PROCESS DESCRIPTION All calculations provided in this report are based upon calculations made with Bryan Research & Engineerings general purpose process simulator, PROSIM. The results are obtained in an effort to update and expand the capabilities of the BR&E dehydration program, DEHY. PROSIM allows the user to draw the process flow diagram on the computer screen and enter the operating parameters on "pop-up" forms. The program is flexible to handle almost any glycol dehydration scheme. Additionally, the program has heavy ends/crude characterization, complex heat exchanger, tray rating, and a variety of utility calculational operations. Dehydration results obtained by PROSIM have been compared to plant data obtained by Worley in the GPSA Engineering Data Book and other pertinent experimental vapor-liquid equilibrium data as noted throughout this report.3 In order to provide the results needed for this paper, a base set of operating parameters was selected as presented in Table I. Except when noted, these parameters are held constant throughout the analyses presented here. The process flow scheme is basically that presented in Figure 1 except for cases where stripping gas was not utilized. In all runs, the amount of water in the feed was determined by PROSIM so that the entering gas would be at the water dew point.
Table I Base dehydration unit operation parameters used in this analysis. Inlet gas temperature Inlet gas pressure Inlet gas composition: Methane Ethane Propane n-Butane 90oF 500 psia 85.1 mol% 8.5 mol% 3.8 mol% 1.9 mol%

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n-Pentane Lean glycol temperature Rich glycol flash pressure Regenerator pressure Equilibrium trays in contactor

0.7 mol% 90oF 65 psia 1 atm 2

DESIGN OF DEHYDRATION UNITS When optimizing the design of dehydration facilities, the impact of the following parameters should normally be considered: Number of trays in the contactor Glycol circulation rate through the contactor Temperature of the reboiler in the regenerator Amount of stripping gas used, if any Operating pressure of the regenerator Of the above parameters, only the first four are normally considered as variable parameters. The first two parameters affect the approach to equilibrium at the top of the absorber while the third and fourth dictate the value of the equilibrium water content by limiting the purity of the lean glycol to the absorber. The last parameter affects the lean glycol purity in a manner similar to reboiler temperature. However, the vast majority of units are vented to the atmosphere so this parameter is beyond control. In addition to the design parameters listed above, several other factors influence the residual water content of the sales gas. However, often these factors are fixed and cannot normally be changed when optimizing a unit. First, the temperature of the inlet gas will dictate the total amount of water fed to the unit. Lower plant inlet gas temperatures will require less water to be removed by the glycol. Second, lean glycol temperature at the top of the contactor will affect the water partial pressure at the top stage. Consequently, high glycol temperatures will result in high water content in the overhead gas. However, this temperature is normally no cooler than 10oF above the inlet gas to prevent hydrocarbons in the feed from condensing in the solution. This limit is normally maintained by a gas/glycol exchanger that cools the lean glycol to approximately a 10 oF approach using the dry gas. Other parameters in the plant have limited or no effect on the dry gas water content. The number of equilibrium stages in the regenerator has only a slight effect on the lean glycol purity. Equilibrium at the reboiler temperature and pressure is approached in the reboiler so that additional stages have no effect. Operating temperature of the lean/rich glycol exchanger only significantly impacts the reboiler heat duty.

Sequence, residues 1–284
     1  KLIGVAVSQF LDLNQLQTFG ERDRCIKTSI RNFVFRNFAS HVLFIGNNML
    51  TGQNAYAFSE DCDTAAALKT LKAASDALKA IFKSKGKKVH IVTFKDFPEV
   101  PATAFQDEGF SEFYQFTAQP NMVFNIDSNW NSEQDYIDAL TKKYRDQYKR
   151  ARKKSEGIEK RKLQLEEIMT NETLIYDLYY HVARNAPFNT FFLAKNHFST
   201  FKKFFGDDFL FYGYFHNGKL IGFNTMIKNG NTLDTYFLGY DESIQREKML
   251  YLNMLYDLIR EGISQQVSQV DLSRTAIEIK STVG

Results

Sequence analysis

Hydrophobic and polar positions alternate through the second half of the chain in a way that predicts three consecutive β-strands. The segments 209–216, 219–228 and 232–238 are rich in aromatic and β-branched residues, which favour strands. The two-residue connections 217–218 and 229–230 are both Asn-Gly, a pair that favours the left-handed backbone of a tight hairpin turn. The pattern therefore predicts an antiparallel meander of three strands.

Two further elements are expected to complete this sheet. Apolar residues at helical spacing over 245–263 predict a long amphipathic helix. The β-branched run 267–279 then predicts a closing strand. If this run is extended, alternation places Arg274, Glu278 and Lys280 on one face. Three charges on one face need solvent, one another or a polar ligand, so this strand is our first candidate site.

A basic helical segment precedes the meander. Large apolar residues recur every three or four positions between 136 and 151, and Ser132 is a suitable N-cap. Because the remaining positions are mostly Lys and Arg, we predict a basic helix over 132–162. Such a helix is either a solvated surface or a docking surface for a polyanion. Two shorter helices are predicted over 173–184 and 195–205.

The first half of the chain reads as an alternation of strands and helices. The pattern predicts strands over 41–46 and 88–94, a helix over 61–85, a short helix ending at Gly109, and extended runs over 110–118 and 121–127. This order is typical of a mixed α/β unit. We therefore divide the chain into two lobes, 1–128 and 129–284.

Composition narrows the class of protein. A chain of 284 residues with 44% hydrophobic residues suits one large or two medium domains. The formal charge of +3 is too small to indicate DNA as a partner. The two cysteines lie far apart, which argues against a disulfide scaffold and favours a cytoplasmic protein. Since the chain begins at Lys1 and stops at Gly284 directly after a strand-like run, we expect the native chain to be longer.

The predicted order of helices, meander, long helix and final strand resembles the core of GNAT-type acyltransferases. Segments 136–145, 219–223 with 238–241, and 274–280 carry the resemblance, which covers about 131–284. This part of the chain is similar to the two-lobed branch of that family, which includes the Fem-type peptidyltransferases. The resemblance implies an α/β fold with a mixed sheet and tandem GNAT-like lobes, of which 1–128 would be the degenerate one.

ANALYSIS OF PERTINENT DESIGN PARAMETERS AND OTHER FACTORS In order to investigate the important design variables, plots of the residual water content versus circulation rate are presented in Figures 2 to 6 for common values of the parameters discussed in the previous section. Case 1. Effect of Number of Equilibrium Stages in Absorber Figure 2 illustrates the effect of the number of equilibrium contact trays on residual water content using a 400 oF reboiler. Figure 3 presents a similar figure comparing dew point depressions instead of actual water content. Increasing the number of trays allows the gas to approach equilibrium with the lean glycol at a lower glycol circulation rate. Considering a typical glycol circulation rate of approximately 3 gal TEG/lb water removed, Figures 2 and 3 illustrate that a three equilibrium-stage contactor is virtually at equilibrium with the inlet glycol. In a two stage contactor, a circulation rate of 5 to 6 gal TEG/1b water would be required to approach equilibrium. Significantly higher flow rates would still be required when only one ideal stage is used.